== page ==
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Re: '@BASE' vs. 'BASE tree' -- was: Re: svn_wc__db_base_get_info() vs. svn_wc__db_read_info() ?

From: Neels J Hofmeyr <neels_at_elego.de>
Date: Fri, 29 Jan 2010 17:20:26 +0100

Julian Foad wrote:
> Neels J Hofmeyr wrote:
>> *Talking about commandline keywords. Nothing to do with wc-ng:*
>>
>> It looks to me like Julian thinks "@BASE" currently means "the thing I
>> checked out", and I always thought the same. Julian, would you like to
>> confirm / dismiss my impression of what you think?
>
> Correct - that's what I thought. Now that you have pointed out that "cat
> -r BASE" doesn't behave like that - and we don't know how many commands
> do or don't - I might change my mind.
>
> (I keep saying "what about the other commands?". 'cat' and 'diff' are
> important but 'export' and 'merge (from)' and 'copy (from)' and
> 'proplist' and the rest need to agree too.)

Starting from 'svn help', I see these commands where @BASE is applicable:

   blame (praise, annotate, ann)
   cat
   copy (cp)
   diff (di)
   export
   info
   list (ls)
   log
   merge
   mergeinfo
   move (mv, rename, ren)
   propdel (pdel, pd)
   propedit (pedit, pe)
   propget (pget, pg)
   proplist (plist, pl)
   propset (pset, ps)
   switch (sw)
   update (up)

But I'd like to note that it's unlikely that any of these correlate @BASE to
the revert-base. AFAIK 'cat' uses the same API as the other commands to
resolve "@BASE" (which is parsed to svn_opt_revision_base).

As Bert said, only commit and revert so far use the revert-base at all, and
that is not based (argh) on the keyword "@BASE".

Disclaimer: I don't know for sure though, a check wouldn't hurt (except
being quite boring probably).

>
>> In fact, "@BASE" currently means "the to-be-committed node's history's tip".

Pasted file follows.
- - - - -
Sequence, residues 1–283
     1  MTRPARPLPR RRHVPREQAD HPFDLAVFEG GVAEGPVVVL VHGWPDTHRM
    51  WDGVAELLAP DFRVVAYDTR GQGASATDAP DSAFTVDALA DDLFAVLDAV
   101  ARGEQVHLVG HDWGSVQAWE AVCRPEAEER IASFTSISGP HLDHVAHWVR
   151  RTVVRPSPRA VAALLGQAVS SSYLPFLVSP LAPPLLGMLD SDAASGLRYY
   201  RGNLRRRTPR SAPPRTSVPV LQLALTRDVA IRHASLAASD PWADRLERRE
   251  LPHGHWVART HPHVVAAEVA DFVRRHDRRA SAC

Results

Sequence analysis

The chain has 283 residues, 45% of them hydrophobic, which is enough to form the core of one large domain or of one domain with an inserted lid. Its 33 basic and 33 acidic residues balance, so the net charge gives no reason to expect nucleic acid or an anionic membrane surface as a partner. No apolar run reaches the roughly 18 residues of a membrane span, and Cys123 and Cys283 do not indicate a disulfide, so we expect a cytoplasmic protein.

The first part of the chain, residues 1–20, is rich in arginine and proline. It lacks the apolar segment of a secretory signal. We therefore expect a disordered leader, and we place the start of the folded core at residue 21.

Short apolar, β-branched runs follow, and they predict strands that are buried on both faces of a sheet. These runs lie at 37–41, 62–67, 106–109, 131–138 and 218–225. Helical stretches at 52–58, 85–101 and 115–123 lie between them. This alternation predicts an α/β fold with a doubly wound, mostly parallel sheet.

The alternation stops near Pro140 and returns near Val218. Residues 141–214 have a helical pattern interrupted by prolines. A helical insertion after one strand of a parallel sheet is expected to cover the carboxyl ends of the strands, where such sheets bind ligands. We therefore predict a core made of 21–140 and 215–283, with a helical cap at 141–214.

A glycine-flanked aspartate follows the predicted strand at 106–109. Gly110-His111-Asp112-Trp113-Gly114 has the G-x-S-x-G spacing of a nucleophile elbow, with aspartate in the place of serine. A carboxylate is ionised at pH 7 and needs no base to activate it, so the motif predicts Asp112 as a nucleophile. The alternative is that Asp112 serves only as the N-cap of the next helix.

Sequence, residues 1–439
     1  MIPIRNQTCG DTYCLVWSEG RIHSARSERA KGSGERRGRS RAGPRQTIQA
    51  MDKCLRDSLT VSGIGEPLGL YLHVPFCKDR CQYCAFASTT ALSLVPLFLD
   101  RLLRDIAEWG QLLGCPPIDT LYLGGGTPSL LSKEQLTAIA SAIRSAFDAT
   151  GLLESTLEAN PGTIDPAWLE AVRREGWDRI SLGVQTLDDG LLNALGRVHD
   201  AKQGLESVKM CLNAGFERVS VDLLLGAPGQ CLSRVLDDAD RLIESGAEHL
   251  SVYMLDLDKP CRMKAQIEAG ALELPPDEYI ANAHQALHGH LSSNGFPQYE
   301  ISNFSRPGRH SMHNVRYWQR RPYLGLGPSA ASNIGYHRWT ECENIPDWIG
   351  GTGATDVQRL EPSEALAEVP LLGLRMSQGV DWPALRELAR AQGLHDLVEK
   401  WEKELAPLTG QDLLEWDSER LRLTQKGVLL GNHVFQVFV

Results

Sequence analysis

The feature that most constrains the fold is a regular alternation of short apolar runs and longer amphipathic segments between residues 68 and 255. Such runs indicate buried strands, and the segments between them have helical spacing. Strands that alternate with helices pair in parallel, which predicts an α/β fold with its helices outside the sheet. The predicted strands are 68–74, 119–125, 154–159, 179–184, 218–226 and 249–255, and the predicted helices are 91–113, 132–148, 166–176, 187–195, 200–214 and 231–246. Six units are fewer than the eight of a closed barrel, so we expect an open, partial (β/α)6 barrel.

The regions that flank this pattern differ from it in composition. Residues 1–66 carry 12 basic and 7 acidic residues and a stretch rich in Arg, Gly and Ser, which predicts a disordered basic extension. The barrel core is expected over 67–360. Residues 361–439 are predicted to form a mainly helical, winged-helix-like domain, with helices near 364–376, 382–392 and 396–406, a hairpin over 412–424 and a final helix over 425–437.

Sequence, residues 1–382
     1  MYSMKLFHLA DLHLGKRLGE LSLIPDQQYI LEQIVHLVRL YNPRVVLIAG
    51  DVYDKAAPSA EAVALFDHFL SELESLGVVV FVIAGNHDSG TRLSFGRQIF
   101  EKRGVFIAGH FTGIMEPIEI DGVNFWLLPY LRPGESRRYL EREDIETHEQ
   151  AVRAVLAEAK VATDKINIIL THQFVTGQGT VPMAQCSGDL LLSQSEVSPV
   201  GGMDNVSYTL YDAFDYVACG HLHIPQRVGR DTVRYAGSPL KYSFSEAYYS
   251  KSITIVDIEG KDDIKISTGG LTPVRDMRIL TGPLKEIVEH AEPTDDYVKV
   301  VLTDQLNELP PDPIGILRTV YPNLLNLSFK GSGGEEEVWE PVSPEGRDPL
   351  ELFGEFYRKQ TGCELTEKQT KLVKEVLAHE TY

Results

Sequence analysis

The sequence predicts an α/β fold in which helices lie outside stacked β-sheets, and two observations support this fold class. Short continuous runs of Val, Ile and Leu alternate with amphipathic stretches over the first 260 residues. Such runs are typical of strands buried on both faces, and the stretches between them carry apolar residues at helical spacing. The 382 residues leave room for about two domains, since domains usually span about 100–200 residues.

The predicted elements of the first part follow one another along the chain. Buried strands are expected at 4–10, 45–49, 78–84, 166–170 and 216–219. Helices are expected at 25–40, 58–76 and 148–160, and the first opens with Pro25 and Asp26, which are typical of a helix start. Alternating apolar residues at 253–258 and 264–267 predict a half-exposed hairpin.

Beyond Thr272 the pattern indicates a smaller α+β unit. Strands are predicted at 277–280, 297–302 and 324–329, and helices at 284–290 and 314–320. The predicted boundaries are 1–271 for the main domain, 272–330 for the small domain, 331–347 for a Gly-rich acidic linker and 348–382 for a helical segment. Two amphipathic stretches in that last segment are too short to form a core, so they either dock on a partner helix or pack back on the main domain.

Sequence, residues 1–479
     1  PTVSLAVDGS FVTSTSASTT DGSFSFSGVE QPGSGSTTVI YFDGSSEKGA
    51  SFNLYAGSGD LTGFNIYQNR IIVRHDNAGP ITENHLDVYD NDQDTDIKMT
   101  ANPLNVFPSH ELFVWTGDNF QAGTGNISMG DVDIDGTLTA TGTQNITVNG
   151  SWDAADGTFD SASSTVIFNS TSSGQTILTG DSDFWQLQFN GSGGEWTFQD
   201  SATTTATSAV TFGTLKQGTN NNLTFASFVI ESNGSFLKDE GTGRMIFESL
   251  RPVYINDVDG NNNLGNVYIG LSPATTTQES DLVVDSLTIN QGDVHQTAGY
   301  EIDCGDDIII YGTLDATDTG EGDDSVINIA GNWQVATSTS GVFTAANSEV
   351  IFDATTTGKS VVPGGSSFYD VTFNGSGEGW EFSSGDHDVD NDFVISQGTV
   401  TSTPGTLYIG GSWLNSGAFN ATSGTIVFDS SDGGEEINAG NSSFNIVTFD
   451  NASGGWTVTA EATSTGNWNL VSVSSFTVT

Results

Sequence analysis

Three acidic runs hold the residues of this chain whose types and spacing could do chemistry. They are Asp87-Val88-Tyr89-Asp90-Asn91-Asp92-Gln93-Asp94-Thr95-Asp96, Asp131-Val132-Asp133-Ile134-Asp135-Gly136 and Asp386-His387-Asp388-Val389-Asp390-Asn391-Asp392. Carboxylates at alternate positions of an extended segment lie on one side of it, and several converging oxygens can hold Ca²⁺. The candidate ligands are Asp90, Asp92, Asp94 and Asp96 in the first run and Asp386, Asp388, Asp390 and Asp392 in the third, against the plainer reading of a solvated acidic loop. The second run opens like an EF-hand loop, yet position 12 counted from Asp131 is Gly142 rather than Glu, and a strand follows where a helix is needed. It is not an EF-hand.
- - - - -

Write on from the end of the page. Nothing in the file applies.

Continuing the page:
>> (See attached short test script and output from trunk.)
>
> Would you mind extending your script to test the other commands? As I

Who, me?? ;)

> mentioned before, 'diff' supports both ways and I don't trust 'cat'.

Yes, I wouldn't depend on 'cat' either, but 'cat' was the easiest way to
show what I wanted to show.

Regardless, I think both ways are valid, for all commands in question:

That a user wants to {see the diff against|export|cat|...} the original
revert-base, or that a user wants the to-be-committed-node's "newer base".

<rant>
For example, when looking at your local mods with diff (just diff now), it
*can* be nicer to *not* see a replaced file's "- - -" lines in the diff. But
when you want to see how the replacing file differs from the replaced file,
you specifically want to see the differences between those. You could argue
that when replacing, the two versions shouldn't be structurally similar
anyway -- which I'd question, but even if: What if someone replaced by
accident and wants to see what's going on? Running svn diff on the replaced
and then unmodified file *shows empty* even if the replaced file is
completely different from the replacing file! That is an intuitive
catastrophe for that particular user and "he will break everything in the
wake of the false impression that the two contents are the same". IMHO
having a lot of "- - -" lines for the replaced file is less dangerous and
more accurate. In Bert's opinion (just guessing now!) it's dumb to have the
replaced file involved in the diff. I'm trying to showcase that every
command has this duality and desperately needs clarification anyway.

So I say we definitely need another keyword and then document both of them
properly. Oh, you agreed with that already? Well, then... ;)
</rant>

Next, someone in this room (dev@) will test all the cases and then we decide
whether to add "@ORIG"/"@REVERT" or "@NEWBASE" (or any other names agreed
upon, of course).

~Neels

Received on 2010-01-29 17:21:10 CET

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